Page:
whether they are saving energy and how they are doing it. From
there, it runs the gamut from counting people and determining
best occupancy levels to energy usage that meets those needs.
For instance, intelligence enables building owners to know if
they’re getting the most out of their conference rooms based
on occupancy. Those kinds of analytics require a facility manager to appoint a person or team to handle that data and make
decisions based on it.
The future should bring an exciting array of options for
owners and contractors. In 2017, Gartner expects to see
trends that involve the Internet of Things (Io T) as well as
drones, robots and autonomous vehicles that occupy or travel
around a facility to better manage the activity and conditions both inside and outside. These intelligent devices can
gather and share data that could be part of a building’s overall
But few small or mid-sized businesses are looking in this
direction right now. Even if such systems were purchased and
installed, a user needs to consider how the data would be managed and who would do that task.
find opportunities in
lighting and building
“It’s so important to not give facility managers more than
they have time to do,” said Brent Protzman, energy information
and analytics manager, Lutron.
That means tailoring a system to meet the initial resources
as well as helping the customer map out a future growth plan.
A manager may initially want to know when lamp outages
occur or when a motor isn’t running properly, but the more
proactive efforts are going to require long-term planning. The
intelligence can also help building managers decide if they need
to expand their own building portfolio based on occupancy and
usage, Protzman said.
Therefore, companies such as Lutron are making their
commercial and residential software easier to plan and install,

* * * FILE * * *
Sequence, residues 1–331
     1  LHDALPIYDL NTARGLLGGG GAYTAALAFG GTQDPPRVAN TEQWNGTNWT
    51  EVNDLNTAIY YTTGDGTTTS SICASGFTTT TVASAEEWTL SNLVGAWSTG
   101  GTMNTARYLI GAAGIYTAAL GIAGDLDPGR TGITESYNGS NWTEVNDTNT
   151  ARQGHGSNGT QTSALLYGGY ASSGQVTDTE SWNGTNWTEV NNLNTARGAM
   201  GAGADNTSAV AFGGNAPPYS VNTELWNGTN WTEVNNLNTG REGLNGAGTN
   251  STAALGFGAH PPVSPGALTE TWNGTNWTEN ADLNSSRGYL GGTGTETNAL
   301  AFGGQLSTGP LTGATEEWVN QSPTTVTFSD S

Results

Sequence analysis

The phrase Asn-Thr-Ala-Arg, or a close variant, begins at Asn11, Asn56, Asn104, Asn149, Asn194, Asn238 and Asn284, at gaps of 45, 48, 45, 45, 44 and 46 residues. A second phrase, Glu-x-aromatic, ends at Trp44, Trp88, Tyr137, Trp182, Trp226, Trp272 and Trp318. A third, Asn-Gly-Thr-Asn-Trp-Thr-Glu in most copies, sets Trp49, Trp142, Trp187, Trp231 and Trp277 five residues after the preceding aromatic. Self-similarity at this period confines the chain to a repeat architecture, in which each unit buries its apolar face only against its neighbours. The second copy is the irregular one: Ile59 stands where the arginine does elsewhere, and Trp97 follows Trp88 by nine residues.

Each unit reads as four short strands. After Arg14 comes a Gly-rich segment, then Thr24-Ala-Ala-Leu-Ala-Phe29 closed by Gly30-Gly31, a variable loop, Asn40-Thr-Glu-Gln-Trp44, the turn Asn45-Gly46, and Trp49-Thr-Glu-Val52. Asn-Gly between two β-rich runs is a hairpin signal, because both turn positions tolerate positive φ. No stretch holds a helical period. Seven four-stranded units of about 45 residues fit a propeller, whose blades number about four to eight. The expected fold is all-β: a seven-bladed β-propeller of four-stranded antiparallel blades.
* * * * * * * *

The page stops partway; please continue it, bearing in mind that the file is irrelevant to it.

meaning more opportunity and potentially less time on one project.
Contractors that step into programming have even greater
opportunity. Companies such as Lutron offer sampling kits that
enable a contractor or customer to install and explore just what
a system could do in that location.
Building owners also need to understand the importance
of an integrated system when it comes to building intelligence.
Many still think of intelligence as the installation of high-efficiency windows, insulation or occupancy sensors—each a
separate system. Technology providers, in the meantime, provide systems that can be shared on a single backbone, because
with more functionality, a dozen or more separate systems are
going to be unmanageable.
Part of building intelligence’s foothold comes from the smartphone, which has made building owners, occupants and
contractors more comfortable with wireless intelligence. The
growth in smart-device technology is revolutionizing and
simplifying the way systems are programmed. The ability to
perform programming and adjustments from a tablet or smartphone rather than at the device itself—or with a proprietary
programming tool—greatly simplifies the operation.
“These apps set the stage for cloud and Io T connectivity,
enabling further building intelligence, monitoring and control,”
Automation solutions include advancements in LED lighting, apps and cloud technology, which are driving controls
and intelligence from the mechanical or electrical room into
the building space and into the lighting fixtures themselves.
With LEDs driving down lighting loads to a fraction of what
they were with previous light sources, high-ampacity control devices capable of handling the full lighting-circuit load
are no longer necessary. That allows controls to reside in
“The impact of cloud connectivity growth is reaching into
building automation, and the same level of ease and flexibility